“We can’t even afford to lose a drop of water. Imagine if you have to wash your hands and throw it out while it still seems clean”
MANY residents of informal settlements said yesterday that they have greater concerns than the coronavirus and that they will “take the virus as it comes” and hope that they do not get infected
Residents of Thompson Shacks in Greenpoint pointed out that they do not have enough clean running water nor can they afford to buy hand sanitiser to keep their hands clean.
In response to whether they are familiar with the precautionary measures of keeping their hands clean through washing with water and soap, one of the residents, Ricardo Seep, said: “with what water.”
“We can’t even afford to lose a drop of water. Imagine if you have to wash your hands and throw it out while it still seems clean,” said Seep.
Thompson Shacks consist of about 500 households with only two water taps and seven mobile toilets for the entire community.
According to the residents, it is already an effort to go and fetch water with buckets for their households.
A couple, the Mabijas, live with their 10-year-old granddaughter next to a filthy canal that was supposed to be the water drainage system for the area.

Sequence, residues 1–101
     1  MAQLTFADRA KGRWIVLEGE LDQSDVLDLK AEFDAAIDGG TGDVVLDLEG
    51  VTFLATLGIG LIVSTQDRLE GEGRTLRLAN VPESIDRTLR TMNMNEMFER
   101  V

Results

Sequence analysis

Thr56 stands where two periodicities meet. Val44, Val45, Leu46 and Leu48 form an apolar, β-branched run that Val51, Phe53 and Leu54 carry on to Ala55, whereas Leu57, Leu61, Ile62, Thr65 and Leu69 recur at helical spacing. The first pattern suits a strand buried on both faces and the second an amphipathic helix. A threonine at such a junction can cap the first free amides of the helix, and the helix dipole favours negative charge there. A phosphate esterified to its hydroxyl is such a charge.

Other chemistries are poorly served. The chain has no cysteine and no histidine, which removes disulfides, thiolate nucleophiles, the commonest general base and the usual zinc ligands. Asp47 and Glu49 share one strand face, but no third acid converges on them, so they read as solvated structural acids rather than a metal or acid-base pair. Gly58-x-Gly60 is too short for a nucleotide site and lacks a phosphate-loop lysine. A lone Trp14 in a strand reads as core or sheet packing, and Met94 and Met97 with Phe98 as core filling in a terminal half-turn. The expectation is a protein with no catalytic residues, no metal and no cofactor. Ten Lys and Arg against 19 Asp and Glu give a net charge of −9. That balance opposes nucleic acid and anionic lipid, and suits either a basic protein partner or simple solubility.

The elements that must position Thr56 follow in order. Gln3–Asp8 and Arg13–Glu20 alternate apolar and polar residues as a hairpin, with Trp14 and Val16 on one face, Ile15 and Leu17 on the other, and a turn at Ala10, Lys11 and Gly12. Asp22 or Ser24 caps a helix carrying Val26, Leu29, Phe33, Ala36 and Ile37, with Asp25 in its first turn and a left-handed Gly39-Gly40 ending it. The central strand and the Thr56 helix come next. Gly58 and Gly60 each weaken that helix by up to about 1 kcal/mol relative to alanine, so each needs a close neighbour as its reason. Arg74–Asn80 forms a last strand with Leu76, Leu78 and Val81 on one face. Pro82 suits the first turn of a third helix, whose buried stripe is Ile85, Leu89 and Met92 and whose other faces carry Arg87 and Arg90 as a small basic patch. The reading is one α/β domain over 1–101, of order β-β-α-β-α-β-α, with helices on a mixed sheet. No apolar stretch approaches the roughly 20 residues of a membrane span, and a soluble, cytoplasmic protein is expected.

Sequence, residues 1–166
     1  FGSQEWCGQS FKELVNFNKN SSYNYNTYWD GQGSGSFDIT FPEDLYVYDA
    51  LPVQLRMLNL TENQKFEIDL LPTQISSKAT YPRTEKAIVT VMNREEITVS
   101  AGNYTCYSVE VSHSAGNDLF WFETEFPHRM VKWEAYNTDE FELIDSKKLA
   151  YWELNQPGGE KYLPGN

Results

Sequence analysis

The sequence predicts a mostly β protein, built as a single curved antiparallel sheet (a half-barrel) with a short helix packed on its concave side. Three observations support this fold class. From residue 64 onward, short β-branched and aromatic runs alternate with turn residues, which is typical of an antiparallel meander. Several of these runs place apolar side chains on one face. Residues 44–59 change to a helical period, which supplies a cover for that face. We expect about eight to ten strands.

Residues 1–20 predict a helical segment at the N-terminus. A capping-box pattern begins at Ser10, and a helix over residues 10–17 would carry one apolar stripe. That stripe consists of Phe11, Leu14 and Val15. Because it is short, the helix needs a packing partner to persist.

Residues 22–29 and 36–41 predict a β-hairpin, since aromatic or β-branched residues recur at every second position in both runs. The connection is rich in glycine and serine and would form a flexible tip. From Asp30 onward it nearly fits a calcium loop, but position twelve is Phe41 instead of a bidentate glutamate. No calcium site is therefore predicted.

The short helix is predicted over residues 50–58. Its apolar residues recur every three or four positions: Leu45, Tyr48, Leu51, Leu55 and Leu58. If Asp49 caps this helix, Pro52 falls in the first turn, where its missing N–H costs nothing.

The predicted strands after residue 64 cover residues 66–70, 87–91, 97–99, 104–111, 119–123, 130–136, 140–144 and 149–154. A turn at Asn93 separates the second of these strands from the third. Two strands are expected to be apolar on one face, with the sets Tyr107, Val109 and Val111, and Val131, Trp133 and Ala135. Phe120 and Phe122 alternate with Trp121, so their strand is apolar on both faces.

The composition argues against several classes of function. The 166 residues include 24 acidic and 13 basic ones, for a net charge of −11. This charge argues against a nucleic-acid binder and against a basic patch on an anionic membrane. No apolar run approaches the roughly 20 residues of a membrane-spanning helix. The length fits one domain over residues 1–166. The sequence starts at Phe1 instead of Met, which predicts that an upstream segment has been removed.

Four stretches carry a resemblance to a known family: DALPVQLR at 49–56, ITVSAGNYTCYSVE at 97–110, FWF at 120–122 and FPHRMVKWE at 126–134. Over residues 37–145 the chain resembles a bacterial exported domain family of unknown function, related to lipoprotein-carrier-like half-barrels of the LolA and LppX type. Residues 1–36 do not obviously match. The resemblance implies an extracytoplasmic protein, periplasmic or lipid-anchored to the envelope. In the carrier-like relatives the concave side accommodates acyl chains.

The canal is currently used as a toilet and a dumping site.
The family said that they can only watch as people pass their shack with buckets of faeces to dump into the canal.
Besides the stench from the canal, the family also has to live with their yard and home being flooded with the filthy water when it rains.
Under these living conditions, the issue of hygiene is a big problem for the family.
They feel that they are already at risk of disease as they are exposed to the germs from the canal.
“We accept the virus warning from the government but we cannot stretch ourselves beyond this extent. You remind us of hygiene and having to wash our hands often and clearly do not know what filth we are exposed to. Of course our granddaughter tries her best to remind us of hygiene but she also forgets sometimes,” said Jolene Mabija.
“We are scared, but in this regard we will not blame anyone who gets infected because it is not by choice or through negligence.”
A Lerato Park resident said that the community suffered from similar problems.
“We are using a bucket system and the buckets are sometimes not collected. We do not have enough taps to keep enough water to wash our hands as often as expected,” said Sophie Maditsi.
The residents shrugged their shoulders in regards to a tweet from the Northern Cape Department of Health that promised that it would take extra precautionary measures for people living in informal settlements with regards to self-isolation should the coronavirus hit the Province. They demanded more details.
Department of Health spokesperson Lebogang Majaha promised that Premier Zamani Saul will soon map the way forward for the Province in response to the coronavirus pandemic.
“Following the preliminary announcement by President Cyril Ramaphosa we are busy consolidating all information in trying to control this situation for contingency in cases of overflow,” said Majaha.